40+ YEARS AS A WINE AMATEUR
Welcome to my wine web site. I am Lonnie Williams, a wine amateur in the French sense of the word. I am in love with all things having to do with wine even though I have never been involved in the world of wine in a professional sense. Everything I have placed on this site is based on my personal experiences with specific wines and with wine in general. I welcome any feedback you may have, even if your experiences with a specific wine are different from mine - I am sure I am not too old to learn from others.
This web site is a testimonial to the concept that compulsive behavior sometimes can be a good thing. I started my journey into the complex world of wine back in 1965. Whenever I bought a bottle of wine, no matter how grand or trivial it was, I would note in a three-ring binder the wine's identity, its purchase price and date. After I drank the wine, I would soak the label off the bottle, dry it and glue it to its appropriate page. Below the label I would write my tasting impressions. Thanks to this compulsive behavior, I ended up accumulating over the years several thick binders filled with these wine memories. I have placed these labels and notes in Old Tastes.
The photo to the left is the label on a bottle of 1947 Chateau Pichon Longueville Comtesse de Lalande. This is the bottle of wine that started my long wine journey. In May of 1965 I was a first lieutenant in the Air Force, stationed at a SAC base in Glasgow, Montana. I managed to scrounge a ride on a KC-135 refueling tanker to Seville, Spain for a short vacation. At that time, my interest in and knowledge about wine was about as close to zero as you could get. The day before my return to Glasgow, I wandered into a small liquor store in Seville with the intent of purchasing and taking home a bottle of hard liquor and perhaps a few bottles of Mateus, the wine of choice for any self-respecting Air Force type. I remember to this day glancing up on the top shelf and spotting this bottle of wine. I bought it even though I had absolutely no idea what it was, other than wine. And it was pretty pricey wine at that - at the current exchange rate I had to fork over $3.30! After my return to Glasgow, I managed to purchase a copy (a first edition!) of Frank Schoonmaker's Encyclopedia of Wine, which was one of only a few books about wine in existence at that time. Well, reading this fine book from cover to cover really set the hook.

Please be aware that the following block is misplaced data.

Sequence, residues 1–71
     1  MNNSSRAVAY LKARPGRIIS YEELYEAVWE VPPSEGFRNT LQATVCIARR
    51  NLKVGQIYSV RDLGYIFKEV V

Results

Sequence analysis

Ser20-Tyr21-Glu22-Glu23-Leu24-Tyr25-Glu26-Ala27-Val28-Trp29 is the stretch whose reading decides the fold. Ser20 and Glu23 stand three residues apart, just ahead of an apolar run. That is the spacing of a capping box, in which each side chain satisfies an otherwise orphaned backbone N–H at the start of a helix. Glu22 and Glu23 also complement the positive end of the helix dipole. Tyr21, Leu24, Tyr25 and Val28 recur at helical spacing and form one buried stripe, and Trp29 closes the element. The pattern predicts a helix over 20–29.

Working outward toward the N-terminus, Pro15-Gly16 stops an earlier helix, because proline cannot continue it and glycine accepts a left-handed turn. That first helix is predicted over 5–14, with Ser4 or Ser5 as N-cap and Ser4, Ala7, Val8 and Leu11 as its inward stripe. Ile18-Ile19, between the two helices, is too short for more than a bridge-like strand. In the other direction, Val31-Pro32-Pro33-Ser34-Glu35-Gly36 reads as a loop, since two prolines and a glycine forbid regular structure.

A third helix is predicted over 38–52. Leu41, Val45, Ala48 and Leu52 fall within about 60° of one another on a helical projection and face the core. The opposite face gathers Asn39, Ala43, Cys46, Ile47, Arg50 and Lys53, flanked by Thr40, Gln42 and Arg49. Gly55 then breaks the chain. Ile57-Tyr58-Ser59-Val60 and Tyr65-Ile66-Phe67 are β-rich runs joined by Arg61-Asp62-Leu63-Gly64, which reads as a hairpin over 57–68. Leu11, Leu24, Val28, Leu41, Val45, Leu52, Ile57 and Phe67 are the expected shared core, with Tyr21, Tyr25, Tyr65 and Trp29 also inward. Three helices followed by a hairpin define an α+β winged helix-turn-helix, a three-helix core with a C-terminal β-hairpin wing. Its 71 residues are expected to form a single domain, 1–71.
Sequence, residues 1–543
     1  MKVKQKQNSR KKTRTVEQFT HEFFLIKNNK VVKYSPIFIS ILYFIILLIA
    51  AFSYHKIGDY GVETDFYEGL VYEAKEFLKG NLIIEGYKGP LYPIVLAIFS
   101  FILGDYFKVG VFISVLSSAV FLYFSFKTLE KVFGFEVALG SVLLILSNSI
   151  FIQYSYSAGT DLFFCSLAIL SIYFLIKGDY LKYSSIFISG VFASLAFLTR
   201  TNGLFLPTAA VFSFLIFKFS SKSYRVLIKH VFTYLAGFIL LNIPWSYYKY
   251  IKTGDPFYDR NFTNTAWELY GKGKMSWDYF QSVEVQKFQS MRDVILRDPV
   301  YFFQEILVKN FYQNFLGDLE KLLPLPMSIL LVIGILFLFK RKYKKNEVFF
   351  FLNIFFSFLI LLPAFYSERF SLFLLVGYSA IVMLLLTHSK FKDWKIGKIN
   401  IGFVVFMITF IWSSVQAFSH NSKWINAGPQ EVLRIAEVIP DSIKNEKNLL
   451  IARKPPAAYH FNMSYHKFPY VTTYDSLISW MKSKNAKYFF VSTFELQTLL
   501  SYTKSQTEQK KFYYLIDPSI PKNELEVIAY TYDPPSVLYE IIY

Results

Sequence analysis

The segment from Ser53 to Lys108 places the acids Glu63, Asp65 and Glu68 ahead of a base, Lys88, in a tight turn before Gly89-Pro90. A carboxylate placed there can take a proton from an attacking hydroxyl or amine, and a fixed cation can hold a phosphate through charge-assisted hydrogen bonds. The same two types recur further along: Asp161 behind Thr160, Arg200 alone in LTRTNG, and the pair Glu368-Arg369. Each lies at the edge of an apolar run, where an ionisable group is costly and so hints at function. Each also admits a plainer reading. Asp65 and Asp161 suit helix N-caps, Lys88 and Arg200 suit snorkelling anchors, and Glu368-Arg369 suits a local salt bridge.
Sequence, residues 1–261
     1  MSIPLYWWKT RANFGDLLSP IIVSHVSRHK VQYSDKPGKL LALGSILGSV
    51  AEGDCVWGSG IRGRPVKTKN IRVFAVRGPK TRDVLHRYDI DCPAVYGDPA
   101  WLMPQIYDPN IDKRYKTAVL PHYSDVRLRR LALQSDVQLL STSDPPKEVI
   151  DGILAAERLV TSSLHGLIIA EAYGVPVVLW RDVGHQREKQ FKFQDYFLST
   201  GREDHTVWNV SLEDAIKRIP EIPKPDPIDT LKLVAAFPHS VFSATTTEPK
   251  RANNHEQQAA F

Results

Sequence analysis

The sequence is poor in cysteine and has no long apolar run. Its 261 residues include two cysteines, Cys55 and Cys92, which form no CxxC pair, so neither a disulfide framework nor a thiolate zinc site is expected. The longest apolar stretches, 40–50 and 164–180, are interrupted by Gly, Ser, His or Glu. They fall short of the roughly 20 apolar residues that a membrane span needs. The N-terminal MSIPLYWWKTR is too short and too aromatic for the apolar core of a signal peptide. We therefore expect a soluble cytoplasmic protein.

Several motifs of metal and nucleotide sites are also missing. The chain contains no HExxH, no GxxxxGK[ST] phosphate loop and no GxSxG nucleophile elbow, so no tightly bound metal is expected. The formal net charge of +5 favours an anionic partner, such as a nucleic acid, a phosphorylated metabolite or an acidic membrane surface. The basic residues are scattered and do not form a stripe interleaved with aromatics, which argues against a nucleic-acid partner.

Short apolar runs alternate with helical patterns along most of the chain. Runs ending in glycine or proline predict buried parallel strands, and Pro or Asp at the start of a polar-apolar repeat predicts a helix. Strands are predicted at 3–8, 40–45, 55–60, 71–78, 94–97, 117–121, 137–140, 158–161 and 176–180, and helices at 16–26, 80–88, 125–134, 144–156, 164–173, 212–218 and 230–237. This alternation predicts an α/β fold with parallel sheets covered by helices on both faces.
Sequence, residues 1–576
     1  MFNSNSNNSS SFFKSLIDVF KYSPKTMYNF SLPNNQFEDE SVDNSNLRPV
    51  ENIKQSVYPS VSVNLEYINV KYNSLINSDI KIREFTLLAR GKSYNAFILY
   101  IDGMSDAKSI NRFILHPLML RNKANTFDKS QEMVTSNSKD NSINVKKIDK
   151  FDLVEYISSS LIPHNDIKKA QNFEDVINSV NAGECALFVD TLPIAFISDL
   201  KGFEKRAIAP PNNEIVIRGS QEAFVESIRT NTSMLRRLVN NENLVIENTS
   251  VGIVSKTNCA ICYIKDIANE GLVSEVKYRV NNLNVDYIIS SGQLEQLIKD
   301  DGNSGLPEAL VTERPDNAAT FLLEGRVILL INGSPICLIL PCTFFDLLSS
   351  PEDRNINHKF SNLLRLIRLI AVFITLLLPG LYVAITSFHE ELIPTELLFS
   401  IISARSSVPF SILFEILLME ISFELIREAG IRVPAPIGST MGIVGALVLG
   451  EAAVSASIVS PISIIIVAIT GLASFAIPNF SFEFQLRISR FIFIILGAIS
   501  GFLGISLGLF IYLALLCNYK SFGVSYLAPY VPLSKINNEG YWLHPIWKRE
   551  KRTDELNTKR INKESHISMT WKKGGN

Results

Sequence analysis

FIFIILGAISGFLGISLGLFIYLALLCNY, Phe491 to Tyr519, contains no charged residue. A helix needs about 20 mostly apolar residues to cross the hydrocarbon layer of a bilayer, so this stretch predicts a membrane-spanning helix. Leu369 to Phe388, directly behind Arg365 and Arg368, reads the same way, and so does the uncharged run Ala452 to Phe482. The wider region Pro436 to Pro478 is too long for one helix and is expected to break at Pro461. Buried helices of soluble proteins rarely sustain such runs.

I held on to this old bottle of wine for a very long time, more out of a sense of nostalgia than any hope that the wine would be drinkable. I knew 1947 had been an excellent vintage in Bordeaux, but I also realized this particular bottle had been baking away on the upper shelf of this non-air conditioned liquor shop in Seville for about 15 years. I finally opened it on Christmas day in 2004, in the company of my wife and son, and we were surprised that it had some life remaining, just barely hanging on by its fingertips.